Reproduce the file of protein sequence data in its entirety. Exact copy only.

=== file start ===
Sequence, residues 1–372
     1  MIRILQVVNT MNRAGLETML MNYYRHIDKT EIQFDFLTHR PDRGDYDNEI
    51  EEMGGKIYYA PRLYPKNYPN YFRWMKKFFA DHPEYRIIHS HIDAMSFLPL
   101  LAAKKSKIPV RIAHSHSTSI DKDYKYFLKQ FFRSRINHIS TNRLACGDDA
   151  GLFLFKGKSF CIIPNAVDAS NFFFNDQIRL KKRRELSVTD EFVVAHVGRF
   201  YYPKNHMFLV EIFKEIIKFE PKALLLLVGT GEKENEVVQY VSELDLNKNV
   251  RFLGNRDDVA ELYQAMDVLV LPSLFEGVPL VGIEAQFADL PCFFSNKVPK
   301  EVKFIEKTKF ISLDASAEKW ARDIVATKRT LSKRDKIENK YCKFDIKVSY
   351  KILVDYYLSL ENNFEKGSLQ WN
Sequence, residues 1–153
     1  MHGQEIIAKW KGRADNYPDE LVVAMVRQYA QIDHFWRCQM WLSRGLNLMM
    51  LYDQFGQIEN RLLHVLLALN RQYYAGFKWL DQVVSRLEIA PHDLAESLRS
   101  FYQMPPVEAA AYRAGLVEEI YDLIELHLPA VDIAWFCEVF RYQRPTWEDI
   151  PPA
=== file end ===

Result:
Sequence, residues 1–372
     1  MIRILQVVNT MNRAGLETML MNYYRHIDKT EIQFDFLTHR PDRGDYDNEI
    51  EEMGGKIYYA PRLYPKNYPN YFRWMKKFFA DHPEYRIIHS HIDAMSFLPL
   101  LAAKKSKIPV RIAHSHSTSI DKDYKYFLKQ FFRSRINHIS TNRLACGDDA
   151  GLFLFKGKSF CIIPNAVDAS NFFFNDQIRL KKRRELSVTD EFVVAHVGRF
   201  YYPKNHMFLV EIFKEIIKFE PKALLLLVGT GEKENEVVQY VSELDLNKNV
   251  RFLGNRDDVA ELYQAMDVLV LPSLFEGVPL VGIEAQFADL PCFFSNKVPK
   301  EVKFIEKTKF ISLDASAEKW ARDIVATKRT LSKRDKIENK YCKFDIKVSY
   351  KILVDYYLSL ENNFEKGSLQ WN
Sequence, residues 1–153
     1  MHGQEIIAKW KGRADNYPDE LVVAMVRQYA QIDHFWRCQM WLSRGLNLMM
    51  LYDQFGQIEN RLLHVLLALN RQYYAGFKWL DQVVSRLEIA PHDLAESLRS
   101  FYQMPPVEAA AYRAGLVEEI YDLIELHLPA VDIAWFCEVF RYQRPTWEDI
   151  PPA